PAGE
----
Πώς Το Google Θα Σώσει Τον Τύπο

01 Ιουνίου 2010 | Κανένα σχόλιο

Διάβασα επιτέλους (online, στο iPad, καθώς τα ΕΛΤΑ ρίχνουν φελλούς σε βαρέλια) το πολυσυζητημένο κείμενο του Τζιμ Φάλοους στον Atlantic για το πώς το Google βοηθάει τις εφημερίδες να τα βγάλουν πέρα. Είναι ένα ενδιαφέρον ανάγνωσμα, όχι τόσο δημοσιογραφικό (ο Φάλοους προβάλλει την προσωπική του γνώμη ως αξιωματική αλήθεια υπερβολικά συχνά) αλλά επειδή δείχνει γλαφυρά τον εντελώς διαφορετικό τρόπο με τον οποίο σκέπτονται οι Googlers από τους εφημεριδάδες. Κάνε ένα βήμα πίσω και δες αντικειμενικά τί περιλαμβάνει το business model μιας εφημερίδας:

“If you were starting from scratch, you could never possibly justify this business model,” Hal Varian said, in a variation on a familiar tech-world riff about the print-journalism business. “Grow trees—then grind them up, and truck big rolls of paper down from Canada? Then run them through enormously expensive machinery, hand-deliver them overnight to thousands of doorsteps, and leave more on newsstands, where the surplus is out of date immediately and must be thrown away? Who would say that made sense?” The οld-tech wastefulness of the process is obvious, but Varian added a less familiar point. Burdened as they are with these “legacy” print costs, newspapers typically spend about 15 percent of their revenue on what, to the Internet world, are their only valuable assets: the people who report, analyze, and edit the news. Varian cited a study by the industry analyst Harold Vogel showing that the figure might reach 35 percent if you included all administrative, promotional, and other “brand”-related expenses. But most of the money a typical newspaper spends is for the old-tech physical work of hauling paper around. Buying raw newsprint and using it costs more than the typical newspaper’s entire editorial staff. (The pattern is different at the two elite national papers, The New York Times and The Wall Street Journal. They each spend more on edit staff than on newsprint, which is part of the reason their brands are among the most likely to survive the current hard times.)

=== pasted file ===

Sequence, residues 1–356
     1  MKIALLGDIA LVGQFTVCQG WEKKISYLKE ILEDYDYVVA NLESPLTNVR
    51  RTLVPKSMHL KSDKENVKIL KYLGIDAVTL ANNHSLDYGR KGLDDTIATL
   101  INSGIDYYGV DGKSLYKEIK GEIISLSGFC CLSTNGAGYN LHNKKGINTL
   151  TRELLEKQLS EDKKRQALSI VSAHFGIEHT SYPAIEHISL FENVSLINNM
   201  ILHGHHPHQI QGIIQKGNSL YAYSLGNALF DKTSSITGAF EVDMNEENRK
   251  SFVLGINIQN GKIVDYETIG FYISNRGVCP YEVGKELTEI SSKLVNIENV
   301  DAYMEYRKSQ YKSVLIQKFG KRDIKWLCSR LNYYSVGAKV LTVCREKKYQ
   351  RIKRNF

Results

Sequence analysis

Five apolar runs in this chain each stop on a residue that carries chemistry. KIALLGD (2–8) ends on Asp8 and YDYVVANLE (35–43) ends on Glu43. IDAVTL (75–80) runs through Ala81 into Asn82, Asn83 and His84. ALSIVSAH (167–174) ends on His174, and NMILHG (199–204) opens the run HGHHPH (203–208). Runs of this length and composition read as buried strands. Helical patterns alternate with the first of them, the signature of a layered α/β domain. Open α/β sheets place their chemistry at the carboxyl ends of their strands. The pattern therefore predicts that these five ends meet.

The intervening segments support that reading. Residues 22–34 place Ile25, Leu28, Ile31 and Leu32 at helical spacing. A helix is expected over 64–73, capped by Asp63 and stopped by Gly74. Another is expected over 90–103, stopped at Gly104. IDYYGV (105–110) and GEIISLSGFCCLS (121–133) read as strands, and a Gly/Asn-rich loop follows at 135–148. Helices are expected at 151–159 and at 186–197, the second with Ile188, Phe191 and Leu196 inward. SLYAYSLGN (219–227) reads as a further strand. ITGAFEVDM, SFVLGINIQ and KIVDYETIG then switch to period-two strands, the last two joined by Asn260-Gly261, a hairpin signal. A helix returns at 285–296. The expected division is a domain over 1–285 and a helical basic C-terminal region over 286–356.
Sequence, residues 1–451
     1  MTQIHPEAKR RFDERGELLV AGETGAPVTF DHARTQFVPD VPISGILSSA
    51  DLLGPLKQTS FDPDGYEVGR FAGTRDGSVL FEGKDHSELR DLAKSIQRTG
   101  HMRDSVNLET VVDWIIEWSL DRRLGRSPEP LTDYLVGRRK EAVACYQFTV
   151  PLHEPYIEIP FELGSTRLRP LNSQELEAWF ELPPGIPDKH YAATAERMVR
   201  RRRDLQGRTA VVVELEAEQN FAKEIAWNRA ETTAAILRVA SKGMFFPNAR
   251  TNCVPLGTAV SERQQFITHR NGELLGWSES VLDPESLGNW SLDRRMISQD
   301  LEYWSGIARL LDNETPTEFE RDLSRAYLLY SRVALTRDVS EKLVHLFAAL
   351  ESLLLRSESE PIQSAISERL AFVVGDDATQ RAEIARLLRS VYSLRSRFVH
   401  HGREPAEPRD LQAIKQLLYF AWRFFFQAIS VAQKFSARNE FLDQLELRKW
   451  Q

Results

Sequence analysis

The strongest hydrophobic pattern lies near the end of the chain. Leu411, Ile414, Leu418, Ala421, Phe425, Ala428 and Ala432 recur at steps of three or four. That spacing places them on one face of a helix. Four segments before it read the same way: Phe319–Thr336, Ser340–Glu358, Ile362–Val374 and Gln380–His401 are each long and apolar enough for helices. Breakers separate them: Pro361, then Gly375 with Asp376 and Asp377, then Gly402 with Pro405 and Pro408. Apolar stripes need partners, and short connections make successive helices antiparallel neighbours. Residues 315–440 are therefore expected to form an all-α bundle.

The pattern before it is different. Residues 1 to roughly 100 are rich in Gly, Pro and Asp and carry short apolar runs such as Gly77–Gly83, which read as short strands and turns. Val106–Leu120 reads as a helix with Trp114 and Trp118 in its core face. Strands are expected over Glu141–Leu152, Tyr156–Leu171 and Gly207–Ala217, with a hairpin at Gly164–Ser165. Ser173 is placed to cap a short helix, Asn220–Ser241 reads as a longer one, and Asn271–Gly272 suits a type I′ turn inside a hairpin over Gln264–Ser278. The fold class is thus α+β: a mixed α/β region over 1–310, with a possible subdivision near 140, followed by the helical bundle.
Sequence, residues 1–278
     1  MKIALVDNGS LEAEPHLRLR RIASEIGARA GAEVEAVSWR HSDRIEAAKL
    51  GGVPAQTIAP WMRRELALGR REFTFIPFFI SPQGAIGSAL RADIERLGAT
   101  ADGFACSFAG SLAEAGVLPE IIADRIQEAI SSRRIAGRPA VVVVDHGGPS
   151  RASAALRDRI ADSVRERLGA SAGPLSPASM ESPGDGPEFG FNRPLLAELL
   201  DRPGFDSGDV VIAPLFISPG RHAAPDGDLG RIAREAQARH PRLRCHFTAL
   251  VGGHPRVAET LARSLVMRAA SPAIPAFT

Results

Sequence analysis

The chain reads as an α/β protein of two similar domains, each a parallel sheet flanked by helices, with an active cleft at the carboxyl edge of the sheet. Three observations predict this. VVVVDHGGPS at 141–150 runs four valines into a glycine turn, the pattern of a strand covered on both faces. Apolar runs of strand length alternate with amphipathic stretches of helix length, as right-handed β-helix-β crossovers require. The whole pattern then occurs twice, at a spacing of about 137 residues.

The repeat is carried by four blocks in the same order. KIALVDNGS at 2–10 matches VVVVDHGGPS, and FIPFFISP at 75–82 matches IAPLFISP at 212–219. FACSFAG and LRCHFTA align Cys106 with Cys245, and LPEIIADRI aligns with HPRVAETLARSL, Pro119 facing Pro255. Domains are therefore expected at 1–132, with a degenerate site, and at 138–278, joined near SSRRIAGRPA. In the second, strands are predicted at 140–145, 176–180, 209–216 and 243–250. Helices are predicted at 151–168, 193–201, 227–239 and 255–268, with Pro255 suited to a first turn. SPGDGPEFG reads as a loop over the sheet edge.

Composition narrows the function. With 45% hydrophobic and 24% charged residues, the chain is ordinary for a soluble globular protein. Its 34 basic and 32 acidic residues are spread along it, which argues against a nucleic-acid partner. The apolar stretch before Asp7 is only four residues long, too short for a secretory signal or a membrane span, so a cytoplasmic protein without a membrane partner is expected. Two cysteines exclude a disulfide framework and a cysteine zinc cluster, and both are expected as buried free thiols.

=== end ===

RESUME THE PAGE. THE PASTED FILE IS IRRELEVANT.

Χαλ Βάριαν, θεός.